Tuesday, December 2, 2008
Monday's paper has a wonderful slow news day feature about the contemporary French Foreign Legion, based on a visit to their jungle warfare camp in French Guiana. If you are looking for enticing near-future scenarios, this one has you covered: A mercenary fighting force of young men from all over the planet, with American college boys doing their extreme Hemingway tour taking orders from ex-Spetznaz guys side by side with Arabs and South Americans. With its own French winery. Drinking Red Bull cocktails, guarding the European space launch facility from terrorists (or Maroons, the jungle-dwelling descendants of African slaves) that might emerge form the jungle. Nearby, just off-shore, the ruins of the Devil's Island prison of Papillon fame (remember the Chateau d'If?), which would make a hell of a near-future post-Gitmo, don't you think?
NYT: Camp Szuts Journal —
Training Legionnaires to Fight (and Eat Rodents)
Formed in the 19th century as a way for France to enforce its colonial empire with foreign adventurers, the legion has survived countless challenges, including the French loss of the legion’s North African birthplace, Algeria.
But in this sparsely populated overseas French department, a former penal colony wedged between Suriname and Brazil, it has acquired a postcolonial mission protecting the Guiana Space Center in Kourou, some 110 miles to the northwest, which each year launches into orbit about half of the world’s commercial satellite payloads.
As temperatures soar to 90 degrees in the shade of transplanted baobab trees, legionnaires patrol Kourou, a quiet town of 20,000, their shaved heads shielded from the sun under white pillbox-style hats known as képis blancs.
They guard the four-decade-old space complex from terrorists who could emerge from the surrounding jungle. (There is always a first time.)
On launch days, legionnaires swap their képis for green berets and man artillery stations on roads down which rolls the odd Peugeot or Renault.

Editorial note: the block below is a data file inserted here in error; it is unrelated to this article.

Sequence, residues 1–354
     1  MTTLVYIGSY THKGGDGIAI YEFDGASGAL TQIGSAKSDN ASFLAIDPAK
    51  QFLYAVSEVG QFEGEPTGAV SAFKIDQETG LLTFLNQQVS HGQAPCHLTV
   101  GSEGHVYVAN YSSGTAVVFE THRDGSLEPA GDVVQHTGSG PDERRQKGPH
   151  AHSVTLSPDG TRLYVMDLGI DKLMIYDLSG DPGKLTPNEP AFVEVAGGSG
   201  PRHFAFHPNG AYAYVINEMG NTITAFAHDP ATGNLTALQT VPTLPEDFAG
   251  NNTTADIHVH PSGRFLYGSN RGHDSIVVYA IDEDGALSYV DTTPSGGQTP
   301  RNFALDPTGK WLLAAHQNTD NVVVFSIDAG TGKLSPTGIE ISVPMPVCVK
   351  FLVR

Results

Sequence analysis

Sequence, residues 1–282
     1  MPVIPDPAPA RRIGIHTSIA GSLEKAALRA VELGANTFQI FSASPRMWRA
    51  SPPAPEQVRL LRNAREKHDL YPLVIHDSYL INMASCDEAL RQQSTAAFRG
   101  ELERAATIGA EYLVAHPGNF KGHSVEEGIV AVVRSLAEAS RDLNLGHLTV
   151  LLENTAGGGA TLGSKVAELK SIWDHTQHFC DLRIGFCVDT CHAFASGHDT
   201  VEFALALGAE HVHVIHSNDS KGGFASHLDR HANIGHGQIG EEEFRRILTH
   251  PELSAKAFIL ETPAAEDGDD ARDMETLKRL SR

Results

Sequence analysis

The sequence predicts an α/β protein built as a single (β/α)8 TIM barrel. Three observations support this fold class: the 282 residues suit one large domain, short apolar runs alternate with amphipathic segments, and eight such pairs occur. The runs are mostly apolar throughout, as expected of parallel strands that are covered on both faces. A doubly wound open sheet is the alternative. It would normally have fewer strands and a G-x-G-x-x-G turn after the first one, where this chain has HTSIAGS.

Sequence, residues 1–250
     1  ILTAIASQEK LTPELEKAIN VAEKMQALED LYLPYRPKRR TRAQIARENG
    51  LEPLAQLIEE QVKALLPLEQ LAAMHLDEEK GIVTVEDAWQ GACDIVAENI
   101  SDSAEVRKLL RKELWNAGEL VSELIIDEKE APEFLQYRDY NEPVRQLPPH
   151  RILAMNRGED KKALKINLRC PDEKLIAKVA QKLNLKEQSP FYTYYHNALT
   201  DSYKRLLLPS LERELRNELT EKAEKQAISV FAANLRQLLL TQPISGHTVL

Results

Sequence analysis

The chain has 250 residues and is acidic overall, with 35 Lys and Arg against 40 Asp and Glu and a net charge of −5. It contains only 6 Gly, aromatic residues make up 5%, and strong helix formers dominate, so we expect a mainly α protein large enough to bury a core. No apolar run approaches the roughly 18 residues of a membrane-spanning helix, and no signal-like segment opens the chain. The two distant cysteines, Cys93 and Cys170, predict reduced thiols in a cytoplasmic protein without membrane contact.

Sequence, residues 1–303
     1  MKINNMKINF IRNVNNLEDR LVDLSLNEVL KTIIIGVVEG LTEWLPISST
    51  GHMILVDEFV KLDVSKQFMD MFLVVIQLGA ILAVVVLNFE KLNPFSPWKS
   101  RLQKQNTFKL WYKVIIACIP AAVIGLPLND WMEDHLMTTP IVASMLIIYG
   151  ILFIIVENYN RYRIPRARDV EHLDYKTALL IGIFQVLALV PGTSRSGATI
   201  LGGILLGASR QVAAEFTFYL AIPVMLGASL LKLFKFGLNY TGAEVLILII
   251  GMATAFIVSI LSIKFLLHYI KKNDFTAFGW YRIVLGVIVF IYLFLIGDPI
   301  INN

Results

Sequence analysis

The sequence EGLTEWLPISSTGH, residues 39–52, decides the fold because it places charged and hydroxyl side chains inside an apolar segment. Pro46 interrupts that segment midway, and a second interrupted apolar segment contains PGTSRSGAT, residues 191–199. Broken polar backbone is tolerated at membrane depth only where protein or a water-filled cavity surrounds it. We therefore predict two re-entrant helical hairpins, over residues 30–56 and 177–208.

One of the most action-packed scenes in Kourou can be glimpsed nightly at the Bar des Sports on the Avenue des Frères Kennedy. Legionnaires with aiguillettes, or braids, dangling from their starched uniforms pack bar stools next to scantily clad women from Brazilian cities like Macapá and Belém.
At this locale on a recent Friday evening, the legion seemed to have kept its rough edges. Instead of the wine preferred by their officers, legionnaires downed whiskey mixed with an energy drink called Long Horn. A band belted out forró, music from northeastern Brazil. Couples swarmed the dance floor.
“This is where we come to forget why we’re stationed here,” said Andrey Korivitsky, 28, a legionnaire from Belarus who resembles Timothy McVeigh, the Oklahoma City bomber.
The boredom legionnaires complain about in Kourou contrasts with the scene back at Camp Szuts, where the barracks are named for distant battles of decades past, like Vauxaillon and Stuttgart.
Instructors at the camp operate one of the most grueling courses in jungle warfare and survival, opening it to Special Forces from around the world, like the Navy Seals. But its main purpose is preparing legionnaires for hardships in places where France still uses them for military intervention, like Chad, Djibouti or Ivory Coast.
“We are the grunts who are supposed to suffer, like your marines, at the hands of sadists,” said Sgt. Ivan Grezdo, 33, a Slovakian forced to exit the course after cracking two ribs.
The course offers a window into the culture of the legion, long dominated by Germans who flooded its ranks after World War II. Now, enlistees from former Soviet bloc countries constitute most of the legion’s 7,700 men (no women can join), with the number of Latin Americans, particularly Colombians and Brazilians, rising fast. Officers say Interpol background checks weed out most undesirables. Americans account for only about 1 percent of legionnaires.
“Americans in the legion tend to be the Beau Geste types, the idealists, making them easy pickings for the bullies and malcontents,” said Jaime Salazar, 34, a man from Indiana who joined the legion, deserted, then recounted it all in a book, “Legion of the Lost.”
Indeed, the Americans in the legion seem a bit less hard-boiled than other enlistees. “Pick an area on the map where there’s been a recent crisis, and that area will be a good source of legionnaires,” said Cpl. Buys Francois, 43, a South African who joined 11 years ago.
At 11:45 a.m. on a recent Monday, Corporal Francois and a handful of other grisly legion elders from Hungary, Poland and China could be found on break at the camp’s dimly lighted canteen, sipping Kronenbourg beers. Most agreed it was worth sticking it out for 15 years, when they are eligible for French pensions.
“We call the new entrants Generation PlayStation because they’re so soft,” said Corporal Francois, who claimed he joined the legion after seeing action in South Africa’s army.
“Now we’re taking the ex-husbands running from alimony,” he chaffed, “and all these guys with university degrees.”
Also Monday: A Czech puppet show about the prison life of Julius and Ethel Rosenberg.